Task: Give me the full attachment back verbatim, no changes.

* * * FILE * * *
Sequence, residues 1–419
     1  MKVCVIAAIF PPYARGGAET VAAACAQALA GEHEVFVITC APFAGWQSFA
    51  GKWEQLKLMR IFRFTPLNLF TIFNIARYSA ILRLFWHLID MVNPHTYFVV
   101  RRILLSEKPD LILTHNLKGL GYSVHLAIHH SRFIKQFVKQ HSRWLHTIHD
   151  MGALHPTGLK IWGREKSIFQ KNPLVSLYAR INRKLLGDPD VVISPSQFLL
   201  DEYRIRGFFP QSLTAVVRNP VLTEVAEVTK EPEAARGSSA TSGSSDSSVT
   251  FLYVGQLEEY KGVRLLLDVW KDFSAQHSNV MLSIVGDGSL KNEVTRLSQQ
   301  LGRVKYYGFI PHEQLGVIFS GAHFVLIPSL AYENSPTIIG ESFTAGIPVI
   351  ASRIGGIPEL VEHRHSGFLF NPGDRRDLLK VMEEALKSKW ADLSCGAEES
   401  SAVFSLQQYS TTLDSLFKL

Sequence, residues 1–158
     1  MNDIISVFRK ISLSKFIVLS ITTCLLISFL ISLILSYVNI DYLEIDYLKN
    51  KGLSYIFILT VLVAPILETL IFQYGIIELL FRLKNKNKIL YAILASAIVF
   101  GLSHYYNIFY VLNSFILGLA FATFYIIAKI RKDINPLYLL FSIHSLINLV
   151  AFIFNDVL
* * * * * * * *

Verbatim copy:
Sequence, residues 1–419
     1  MKVCVIAAIF PPYARGGAET VAAACAQALA GEHEVFVITC APFAGWQSFA
    51  GKWEQLKLMR IFRFTPLNLF TIFNIARYSA ILRLFWHLID MVNPHTYFVV
   101  RRILLSEKPD LILTHNLKGL GYSVHLAIHH SRFIKQFVKQ HSRWLHTIHD
   151  MGALHPTGLK IWGREKSIFQ KNPLVSLYAR INRKLLGDPD VVISPSQFLL
   201  DEYRIRGFFP QSLTAVVRNP VLTEVAEVTK EPEAARGSSA TSGSSDSSVT
   251  FLYVGQLEEY KGVRLLLDVW KDFSAQHSNV MLSIVGDGSL KNEVTRLSQQ
   301  LGRVKYYGFI PHEQLGVIFS GAHFVLIPSL AYENSPTIIG ESFTAGIPVI
   351  ASRIGGIPEL VEHRHSGFLF NPGDRRDLLK VMEEALKSKW ADLSCGAEES
   401  SAVFSLQQYS TTLDSLFKL

Sequence, residues 1–158
     1  MNDIISVFRK ISLSKFIVLS ITTCLLISFL ISLILSYVNI DYLEIDYLKN
    51  KGLSYIFILT VLVAPILETL IFQYGIIELL FRLKNKNKIL YAILASAIVF
   101  GLSHYYNIFY VLNSFILGLA FATFYIIAKI RKDINPLYLL FSIHSLINLV
   151  AFIFNDVL